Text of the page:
Help me ride like I have wings!
September 26, 2011 9:25 AM   Subscribe

What are the things you'd wish you'd known or done the first time you did the Houston-Austin BP MS 150?

I'm planning on biking the Houston to Austin MS 150 in April.

I've been a pretty avid mountain biker (4-6 times a week; I live less than 2 miles from Memorial Park here in Houston), and have done a few organized charity rides (usually the ~20 mile rides). I have no problem completing 35 miles regularly, and occasionally will put down 50 on decent terrain (as hilly as you can get inside of the Beltway here). I've got a solid, light road bike that fits me well, and a decent amount of gear (and budget to buy most anything I'll need within reason).

So, I'm not starting from complete zero, but this sort of ride is definitely a new experience to me.

Speaking specifically to the Houston to Austin ride, what are some words of wisdom you'd pass on? What are the things that you sorely missed your first time out?
posted by chrisfromthelc to Health & Fitness (3 answers total) 1 user marked this as a favorite
Caveat: I have not done the Houston-Austin MS150, but a lot of my friends have, and I've done a lot of distance riding in the general area of the route.

1. There is an insane amount of aid en route (oranges, bananas, gatorade, water, that sort of thing). They do everything but give you a bicycle to ride. There are also businesses at various points where you could get other stuff. The route will be very heavily patrolled by cops and volunteers on motorcycles.

2. You'll be camping in La Grange, unless that's changed. So make sure you can sleep comfortably after your first day when camping. There will be a stupid amount of food on hand at the campground. There will be some weekend warriors partying all night. Earplugs might be a good idea.

3. If you're only accustomed to riding in Houston, the second day is going to seem pretty hilly.

4. The MS150 has gotten some extreme weather (cold, rain, wind), so be prepared for that.

5. You've got all day, so pace yourself.

6. That said, if you're an experienced rider, it would be a good idea to get a good line position and to set a pretty fast tempo early in the ride, just to get out ahead of the massive clot of inexperienced riders.

7. It should go without saying that you want to make sure your bike is in good repair. I was riding out to intercept a friend coming in on the MS150 and encountered a guy whose freewheel had exploded. Bummer.

8. Riding through the Bastrop area is going to be surreal and sad.
posted by adamrice at 10:55 AM on September 26, 2011

I did it in 2001, which was the last year before they added the Rhodes start. If you're already doing 50s without much effort then you're going to be fine. It's pretty flat, even on the second day and I didn't find it very hard at all. I think I trained more than I needed to. I gave up too many Saturday and Sunday mornings and got a bit burned out on cycling. I haven't done an organized ride since.

I did far too many organized rides in the run-up. If you're not used to moving off or riding in a large crowd do a few of the more popular training rides. You may already be familiar with the language from your previous rides, but this will also serve as a refresher - car back; slowing; stopping; on your left; gravel; etc. I did think that many of the rides in the run up were poorly set up and didn't offer enough support to justify the entry fee for them. Just bring your own stuff and go for a ride somewhere. Driving for an hour and a half out of town to pay $35 to do a 60 miler with 2 rest stops that have run out of stuff before you get there is no fun. From Memorial Park the Houston Bikeways Network can take you a long way on either dedicated trails, bike lanes or marked routes. Google maps has a pretty good interactive version of this network in its cycling directions.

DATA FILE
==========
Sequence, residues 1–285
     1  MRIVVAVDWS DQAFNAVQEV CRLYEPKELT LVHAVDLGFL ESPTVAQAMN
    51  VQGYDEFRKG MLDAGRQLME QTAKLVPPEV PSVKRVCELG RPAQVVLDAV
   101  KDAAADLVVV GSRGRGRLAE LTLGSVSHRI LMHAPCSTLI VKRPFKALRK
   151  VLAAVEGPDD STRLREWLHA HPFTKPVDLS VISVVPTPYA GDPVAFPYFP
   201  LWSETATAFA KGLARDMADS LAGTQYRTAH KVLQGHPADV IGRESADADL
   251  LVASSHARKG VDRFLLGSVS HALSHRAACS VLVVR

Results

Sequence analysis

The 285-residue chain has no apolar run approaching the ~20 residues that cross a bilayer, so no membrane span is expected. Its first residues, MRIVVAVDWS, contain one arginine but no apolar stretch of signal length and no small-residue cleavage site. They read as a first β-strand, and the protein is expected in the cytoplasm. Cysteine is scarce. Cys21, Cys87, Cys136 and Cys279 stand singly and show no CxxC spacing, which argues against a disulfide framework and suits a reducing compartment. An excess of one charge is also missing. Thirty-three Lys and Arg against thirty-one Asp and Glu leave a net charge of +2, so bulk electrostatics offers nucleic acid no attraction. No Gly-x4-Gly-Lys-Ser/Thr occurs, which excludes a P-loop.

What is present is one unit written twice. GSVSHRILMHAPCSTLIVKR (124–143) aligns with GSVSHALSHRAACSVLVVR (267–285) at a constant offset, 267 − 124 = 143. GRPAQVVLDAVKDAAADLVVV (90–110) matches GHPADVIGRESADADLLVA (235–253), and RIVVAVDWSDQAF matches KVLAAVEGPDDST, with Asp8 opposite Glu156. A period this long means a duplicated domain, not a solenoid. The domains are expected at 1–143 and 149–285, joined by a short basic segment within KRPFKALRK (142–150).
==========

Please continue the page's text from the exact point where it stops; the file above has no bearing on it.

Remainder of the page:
Join one of the big teams if you can. They provide extra support along the way and have better accommodation in La Grange. Note that some teams don't camp at the fairgrounds Most offer things like massages there too. Back when I did it the four largest teams got to set off early. I don't know if they still offer that perk now they have the different starting points, but getting away early and skipping the early rest stops kept us ahead of the bulk of the riders all day.

Plan which rest stops you're stopping at beforehand, (but try to have enough liquids to bypass if it looks crazy). Don't dawdle at rest stops if you can avoid it. Go in, grab what you need, get going. The Tully route's second rest stop is 25 miles out, then the lunch stop is about 25 miles further on. You'll know your own limits, but I'd see no need to stop at the others if you can make those two. If I were starting at Rhodes or Waller lunch would be my first stop.

Having said that, the official lunches were crap and the lines can get long. If you're on a team they may provide a better/faster option, but bring enough cash or a credit card to grab fast food. You'll get in and out quicker and I know my body was pretty grateful for the Wendy's chicken sandwich in Bastrop on day 2.

Have a friend drive out to pitch/pack your tent in La Grange if you're doing the individual camping. Much easier than setting up yourself when you get there. As a non-rider they'll probably enjoy La Grange more than you will, but have them save a couple of beers for you, so you can wander around and enjoy it.
posted by IanMorr at 12:16 PM on September 26, 2011

These are great insights.

I do have an in with a couple of different fully sponsored teams, so I'll be set there as far as camping/meals/transportation goes. Both are small (20-40 riders), but well-backed.

Please keep the wisdom coming!
posted by chrisfromthelc at 3:03 PM on September 26, 2011

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